Program from Dr. King’s march in 1963
Using Dr. Martin Luther King, Jr’s blueprint as a model, Rev. Jesse Jackson led thousands to commemorate the meaning of the dream
By Yussuf J. Simmonds
Sentinel Managing Editor
Tracing the footsteps of Dr. King’s march in Detroit in June 1963, Rev. Jesse Jackson said, “Dr. King led that march for freedom, justice and jobs, along with Rev. C.L. Franklin and Walter Reuther of UAW (United Auto Workers).” And according to the Reverend, “Dr. King gave the ‘I-Have-A-Dream’ speech in Detroit that June (1963) … that was the first major platform he used it for. The next big march was on August 28 (1963). It was labor-civil rights-church coalition.” So it seemed fitting that Rev. Jackson would duplicate Dr. King’s march in the same city that it was initially done. Notwithstanding that the “motor city” is experiencing the same economic and social conditions that prevailed in Dr. King’s day.
“We focus on Detroit because it was once the crown jewel of America’s industrial development and manufacturing,” Rev. Jackson said. “At that time, the Big Three were the Auto Companies; we were #1 in manufacturing and exports in the world. Today, we are number one in consuming, our trade deficit is growing.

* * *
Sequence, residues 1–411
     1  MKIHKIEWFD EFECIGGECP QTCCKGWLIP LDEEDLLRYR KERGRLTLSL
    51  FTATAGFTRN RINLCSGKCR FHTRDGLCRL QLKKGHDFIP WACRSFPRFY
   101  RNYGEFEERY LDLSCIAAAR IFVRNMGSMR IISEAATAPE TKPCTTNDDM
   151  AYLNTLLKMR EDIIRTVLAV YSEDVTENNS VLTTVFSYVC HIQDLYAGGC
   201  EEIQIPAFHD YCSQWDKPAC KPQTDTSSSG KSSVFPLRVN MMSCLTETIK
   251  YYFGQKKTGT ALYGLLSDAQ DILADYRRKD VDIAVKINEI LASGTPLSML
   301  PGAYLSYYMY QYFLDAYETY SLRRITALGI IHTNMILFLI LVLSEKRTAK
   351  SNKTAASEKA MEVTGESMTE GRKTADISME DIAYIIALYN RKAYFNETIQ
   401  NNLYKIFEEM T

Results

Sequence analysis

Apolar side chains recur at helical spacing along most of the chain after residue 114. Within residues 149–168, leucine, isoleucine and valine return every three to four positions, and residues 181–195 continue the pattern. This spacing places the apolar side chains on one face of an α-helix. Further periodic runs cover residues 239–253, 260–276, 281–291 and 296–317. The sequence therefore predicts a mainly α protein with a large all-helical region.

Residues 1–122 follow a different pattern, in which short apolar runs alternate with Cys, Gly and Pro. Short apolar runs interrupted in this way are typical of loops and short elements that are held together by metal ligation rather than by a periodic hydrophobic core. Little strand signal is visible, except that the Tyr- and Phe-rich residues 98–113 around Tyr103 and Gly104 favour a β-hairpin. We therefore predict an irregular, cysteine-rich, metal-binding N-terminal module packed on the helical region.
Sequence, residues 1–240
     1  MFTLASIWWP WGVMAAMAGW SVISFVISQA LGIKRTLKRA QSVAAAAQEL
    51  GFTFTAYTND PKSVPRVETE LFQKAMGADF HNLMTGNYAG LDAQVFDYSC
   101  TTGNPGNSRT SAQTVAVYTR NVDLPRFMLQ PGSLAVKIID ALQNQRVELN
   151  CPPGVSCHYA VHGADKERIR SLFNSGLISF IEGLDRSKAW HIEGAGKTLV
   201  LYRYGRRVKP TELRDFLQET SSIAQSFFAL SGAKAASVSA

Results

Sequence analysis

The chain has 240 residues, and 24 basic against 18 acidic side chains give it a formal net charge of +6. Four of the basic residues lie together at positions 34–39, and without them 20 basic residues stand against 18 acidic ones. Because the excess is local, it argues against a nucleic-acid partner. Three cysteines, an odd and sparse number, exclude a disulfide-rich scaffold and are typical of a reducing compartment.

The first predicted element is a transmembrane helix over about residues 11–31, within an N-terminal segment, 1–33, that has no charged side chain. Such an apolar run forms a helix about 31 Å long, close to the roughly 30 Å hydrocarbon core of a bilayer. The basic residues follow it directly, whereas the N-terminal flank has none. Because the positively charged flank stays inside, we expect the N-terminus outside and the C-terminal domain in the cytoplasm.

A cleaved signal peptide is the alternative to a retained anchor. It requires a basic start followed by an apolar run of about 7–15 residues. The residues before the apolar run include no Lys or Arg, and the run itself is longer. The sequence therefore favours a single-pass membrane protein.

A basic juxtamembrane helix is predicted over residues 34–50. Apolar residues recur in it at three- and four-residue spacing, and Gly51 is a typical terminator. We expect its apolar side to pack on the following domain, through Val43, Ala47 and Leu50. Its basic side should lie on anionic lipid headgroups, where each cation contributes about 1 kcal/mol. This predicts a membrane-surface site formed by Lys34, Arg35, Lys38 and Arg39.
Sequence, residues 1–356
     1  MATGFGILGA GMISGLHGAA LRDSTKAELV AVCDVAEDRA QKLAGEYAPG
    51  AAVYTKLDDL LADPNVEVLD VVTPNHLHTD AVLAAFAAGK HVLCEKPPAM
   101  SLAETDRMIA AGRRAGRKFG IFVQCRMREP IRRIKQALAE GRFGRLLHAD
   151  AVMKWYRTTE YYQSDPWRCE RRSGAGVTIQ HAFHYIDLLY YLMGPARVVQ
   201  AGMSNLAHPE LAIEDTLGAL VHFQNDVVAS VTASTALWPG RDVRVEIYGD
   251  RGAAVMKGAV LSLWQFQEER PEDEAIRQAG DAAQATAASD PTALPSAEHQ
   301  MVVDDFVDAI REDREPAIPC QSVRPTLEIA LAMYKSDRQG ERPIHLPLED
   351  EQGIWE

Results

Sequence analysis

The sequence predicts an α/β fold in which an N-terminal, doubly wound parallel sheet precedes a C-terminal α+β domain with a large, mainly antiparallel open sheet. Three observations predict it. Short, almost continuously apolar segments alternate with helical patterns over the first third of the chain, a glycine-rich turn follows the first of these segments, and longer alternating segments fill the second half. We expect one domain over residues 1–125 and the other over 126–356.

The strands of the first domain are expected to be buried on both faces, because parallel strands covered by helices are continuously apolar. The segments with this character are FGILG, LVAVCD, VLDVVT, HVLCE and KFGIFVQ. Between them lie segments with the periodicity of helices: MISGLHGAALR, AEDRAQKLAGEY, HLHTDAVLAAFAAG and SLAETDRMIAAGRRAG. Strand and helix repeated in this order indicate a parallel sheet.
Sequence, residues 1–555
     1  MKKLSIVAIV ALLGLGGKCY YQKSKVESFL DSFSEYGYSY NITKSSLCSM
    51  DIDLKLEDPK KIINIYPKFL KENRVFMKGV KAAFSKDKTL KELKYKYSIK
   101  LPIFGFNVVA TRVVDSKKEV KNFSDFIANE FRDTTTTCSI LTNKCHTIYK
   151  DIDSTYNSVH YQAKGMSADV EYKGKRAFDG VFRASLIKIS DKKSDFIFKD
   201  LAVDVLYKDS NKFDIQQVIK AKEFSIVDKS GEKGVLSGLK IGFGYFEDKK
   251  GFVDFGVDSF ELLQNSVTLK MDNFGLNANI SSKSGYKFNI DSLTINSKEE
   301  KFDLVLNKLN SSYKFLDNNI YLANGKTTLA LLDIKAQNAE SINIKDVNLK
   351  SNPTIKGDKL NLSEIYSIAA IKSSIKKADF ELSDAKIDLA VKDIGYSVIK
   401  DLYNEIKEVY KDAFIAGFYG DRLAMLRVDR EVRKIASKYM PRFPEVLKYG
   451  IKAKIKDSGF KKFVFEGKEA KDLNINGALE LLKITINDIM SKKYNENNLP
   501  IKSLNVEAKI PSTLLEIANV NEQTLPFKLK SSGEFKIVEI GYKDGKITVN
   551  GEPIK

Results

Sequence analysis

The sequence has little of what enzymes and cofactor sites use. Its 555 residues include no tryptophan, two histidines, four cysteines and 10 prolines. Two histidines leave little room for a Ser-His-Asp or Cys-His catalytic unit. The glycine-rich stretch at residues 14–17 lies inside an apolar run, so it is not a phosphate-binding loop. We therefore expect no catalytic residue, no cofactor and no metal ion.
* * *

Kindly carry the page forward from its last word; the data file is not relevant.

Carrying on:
Now the Big Three are gambling casinos–we’ve gone from building cars, to shuffling cards and rolling dice–relying on luck, without a tax base to sustain city services.”
With its theme ‘Rebuild America’ the march in Detroit drew thousands and Rev. Jackson said, “We’re focused on putting America back to work, rebuilding America, with jobs and justice and peace. “Detroit and Michigan are ground zero of the urban crisis. It’s time to enact real change for working families and all America.” He exhorted to the crowd, “It’s time to reinvest in America and put America back to work. Detroit is the epicenter of America’s urban crisis–it’s time to fight back, and organize city by city around the nation. Our people need jobs now. We need a moratorium on foreclosures to save our homes now. We are in a state of emergency,” said Rev. Jackson.
The march and rally were the culmination of a week-long bus tour that took the Jobs, Justice and Peace campaign throughout the state of Michigan.
But Rev. Jackson also took the time to respond to the dishonor that was being played out by the conservatives trying to mimick the work of Dr. King where he spoke 47 years ago. Rev. Jackson issued the following statement called ‘The Legacy and Learning of Dr. Martin Luther King, Jr.’ which stated in part: “Dr. King’s dream of a one big tent America where all are included and none are left behind is incomplete. Yet, the quest is irreversible. Dr. King marched, took the risks to transform our culture, and create the America we now celebrate. . He was martyred at 39. His uplifting sermons, the miles walked and his martyrdom will not be altered by cynicism and schemes of diversion.
“One gets the impression that Glen Beck is cynically mimicking Dr. Martin Luther King. His is an insincere expression, a ploy to divert attention away from the Dr. King’s agenda for jobs, economic justice and peace.”